Long before the pharmaceutical industry, herbal medications were used to treat all sorts of conditions, diseases and illnesses. And tinctures were a common method for consumption for hundreds of years.
These days, it’s primarily cannabis consumed through tinctures, either to get high or treat illness.
Seedsman sat down with Sarah Godfrey, who’s used cannabis to treat her terminal Chron’s diagnosis and help end her dependency on painkillers. Today, she grows, harvests and creates her own tinctures and oils for medicine.
What Are Cannabis Tinctures
A cannabis tincture is a highly concentrated liquid extract made by soaking cannabis flowers in oil, alcohol or glycerin.
Their long shelf life and method of ingestion make them a preferred method of medication for medicinal marijuana users who may not wish to smoke. A tincture is taken orally, passing through your body and liver and eventually into your bloodstream. The effect is then delayed, and the feeling differs from a regular stoned.
A tincture is measured with a dropper meaning the dosage can be properly measured and customised depending on your needs and tolerance.
Sarah is an expert in the cultivation and preparation of tinctures and oils. Here’s her story:
Which condition do you use cannabis to medicate With?
I use cannabis to treat severe Crohns’s disease, CPTSD, autism, and heart disease. I was also diagnosed with severe osteoporosis in 1995, but it’s mostly gone now, thanks to my dietary and herbal protocol.
How did you begin your journey with medicinal cannabis? What first incited your treatment?
I began my journey with cannabis in 1989 when my Crohns’s started because there was nothing else that worked on my symptoms.
Do you buy medical cannabis legally, and if not, why not? Is it available to you?
I don’t buy medical cannabis because 1. It doesn’t contain essential plant acid cannabinoids and 2. It’s unaffordable to me.
Do you see cannabis and medical cannabis as being different?
No. There is only cannabis. Even the person who considers themselves a recreational smoker is probably medicating for low-level stress. They just don’t realise it. For example, when I gave my elderly mother a low dose of my homemade extracts, I asked her how it made her feel, and she replied, ‘It made me feel happy and relaxed, but I’m not used to feeling like that.’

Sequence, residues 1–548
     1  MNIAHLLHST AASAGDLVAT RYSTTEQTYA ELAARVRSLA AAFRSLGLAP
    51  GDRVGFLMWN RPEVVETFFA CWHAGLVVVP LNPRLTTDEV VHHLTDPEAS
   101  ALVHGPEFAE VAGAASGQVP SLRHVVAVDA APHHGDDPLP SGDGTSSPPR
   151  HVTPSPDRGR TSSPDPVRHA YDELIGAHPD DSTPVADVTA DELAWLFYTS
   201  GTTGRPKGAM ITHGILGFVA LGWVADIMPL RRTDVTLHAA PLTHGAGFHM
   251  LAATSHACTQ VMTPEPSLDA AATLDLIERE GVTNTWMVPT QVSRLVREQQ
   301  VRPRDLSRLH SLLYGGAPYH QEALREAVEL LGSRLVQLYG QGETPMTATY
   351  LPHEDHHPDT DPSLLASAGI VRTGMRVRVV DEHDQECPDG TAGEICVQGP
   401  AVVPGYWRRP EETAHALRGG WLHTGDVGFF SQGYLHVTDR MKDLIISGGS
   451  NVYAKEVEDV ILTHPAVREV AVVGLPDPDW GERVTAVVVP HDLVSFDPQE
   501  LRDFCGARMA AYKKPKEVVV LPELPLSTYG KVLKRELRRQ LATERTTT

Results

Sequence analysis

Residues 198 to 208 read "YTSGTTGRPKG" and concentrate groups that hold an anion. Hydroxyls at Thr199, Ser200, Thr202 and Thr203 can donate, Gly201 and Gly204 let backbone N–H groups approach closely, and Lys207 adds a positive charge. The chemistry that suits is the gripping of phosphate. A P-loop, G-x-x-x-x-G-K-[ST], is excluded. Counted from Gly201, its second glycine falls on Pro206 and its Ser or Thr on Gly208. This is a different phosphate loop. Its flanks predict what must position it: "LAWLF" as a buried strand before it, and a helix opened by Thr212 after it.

The natural human state is one of happiness, relaxation, curiosity, and playfulness. Our society is so unhealthy currently that most of us don’t even know what it’s like to naturally feel that way. In fact, the closest many of us have come to feel like that is being a child. Then you grow up, and that feeling of joy and playfulness fades as life stresses occur, but it doesn’t have to be that way. Those life stresses are actually unnecessary if we live in a healthy, nurturing, anti-inflammatory society.
How easy and economical is it to produce your own oils and cannabis tinctures?
Producing your own oils and tinctures is far more cost-effective than buying either illegal or legal cannabis. It is no more difficult than following a recipe to make a meal. You can easily make an effective infused oil or an alcohol tincture with no special equipment other than what is in your kitchen.
Things get a little more complicated if you have need to use ethanol to extract because you may need to buy some equipment, and you will have to be careful of working in a well-ventilated area. But most conditions can be treated by making an oil infusion or alcohol tincture; it is usually severe symptoms like mine that require a concentrated extract using ethanol.
What recommendations would you have for people looking to grow cannabis for medical purposes?
My recommendation for people looking to grow cannabis is to start organically and look into living soil and microbial growing. These methods produce a more calming effect. In fact, these methods have enabled me to reduce my consumption of CBD as they produce more calming extracts.